Belize | Freedom House

Freedom of the Press



Freedom of the Press 2014

2014 Scores

Press Status


Press Freedom Score
(0 = best, 100 = worst)


Political Environment
(0 = best, 40 = worst)


Economic Environment
(0 = best, 30 = worst)


The constitution protects freedom of expression, and that right is generally respected in practice. However, it is subject to several legal limitations. Individuals who question the financial disclosures of public officials risk a fine of up to BZ$5,000 (US$2,500) and a prison term of up to three years. Newspapers are subject to criminal defamation laws, but the laws have not been invoked in recent years.

A Freedom of Information Act was adopted in 1994, but it exempts documents related to national security, defense, and cabinet proceedings. The Belize Broadcasting Authority (BBA) is empowered to preview broadcasts with political content and remove material it deems libelous. The rising incidence of violent crime in Belize, stemming from the international drug trade, led to calls in 2012 for the BBA to begin regulating the portrayal of violence in the media. The authority drafted new media content guidelines at the beginning of 2013.

There have been some reports of intimidation of journalists from media outlets aligned with the opposition. In October 2012, the cars of two journalists who were critical of the government were vandalized in what opposition media deemed attacks on media freedom. In one case, the nuts securing the tires to a journalist’s car were removed. Nevertheless, the motives for the incidents remained unclear, and no similar events were reported in 2013.

While there are no daily newspapers in Belize, there is a vibrant market for weeklies, which are privately owned. In general, reporting covers a wide range of opinions. Government-operated radio was privatized in 1998, and today there are 8 television stations and 33 licensed radio stations. The ruling United Democratic Party (UDP) and the opposition People’s United Party (PUP) are both affiliated with specific newspapers and radio stations, and many other media outlets display a partisan bent. There are concerns about increasing government intervention in the media, particularly with regard to ownership of distribution channels. In 2009, the government renationalized Belize Telemedia, the country’s leading private telecommunications provider, and its owners, the Ashcroft Group, were allegedly offered no compensation. The PUP branded the action an expropriation. In June 2011, Belize’s Court of Appeal ruled that the nationalization of Telemedia was unconstitutional and returned the company to its original owners. However, the government amended the country’s constitution in order to renationalize Telemedia in July 2011. In June 2012, the Supreme Court nullified that amendment and declared the second nationalization unconstitutional, but stopped short of returning control of the company to its former owners. The judgment from the Court of Appeal was deferred until 2014.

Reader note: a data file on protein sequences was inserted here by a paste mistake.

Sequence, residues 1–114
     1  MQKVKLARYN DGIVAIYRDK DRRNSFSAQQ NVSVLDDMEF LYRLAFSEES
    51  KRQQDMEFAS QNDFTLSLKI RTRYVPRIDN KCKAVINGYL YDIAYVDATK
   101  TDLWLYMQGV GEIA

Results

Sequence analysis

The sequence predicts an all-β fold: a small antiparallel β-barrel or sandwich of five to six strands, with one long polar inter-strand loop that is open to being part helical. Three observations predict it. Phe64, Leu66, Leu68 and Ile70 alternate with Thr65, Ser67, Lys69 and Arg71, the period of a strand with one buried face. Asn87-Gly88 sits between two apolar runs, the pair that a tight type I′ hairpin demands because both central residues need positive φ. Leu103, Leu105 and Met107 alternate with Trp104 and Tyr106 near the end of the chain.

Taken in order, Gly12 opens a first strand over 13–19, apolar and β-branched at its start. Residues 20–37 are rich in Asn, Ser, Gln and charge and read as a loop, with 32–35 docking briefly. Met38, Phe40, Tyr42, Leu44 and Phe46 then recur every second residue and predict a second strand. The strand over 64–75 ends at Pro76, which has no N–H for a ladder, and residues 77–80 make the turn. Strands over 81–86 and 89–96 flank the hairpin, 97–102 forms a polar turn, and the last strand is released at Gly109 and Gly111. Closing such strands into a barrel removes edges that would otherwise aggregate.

While the government does not restrict internet access or use, lack of infrastructure and high costs limited penetration to 32 percent of the population in 2013. A 2012 survey showed that Belize had the slowest and most expensive internet in the Caribbean region. In June 2013, international and local stakeholders participated in the country’s first Internet Exchange Point Open Forum, hosted by the Public Utilities Commission (PUC), to improve internet services for Belizeans.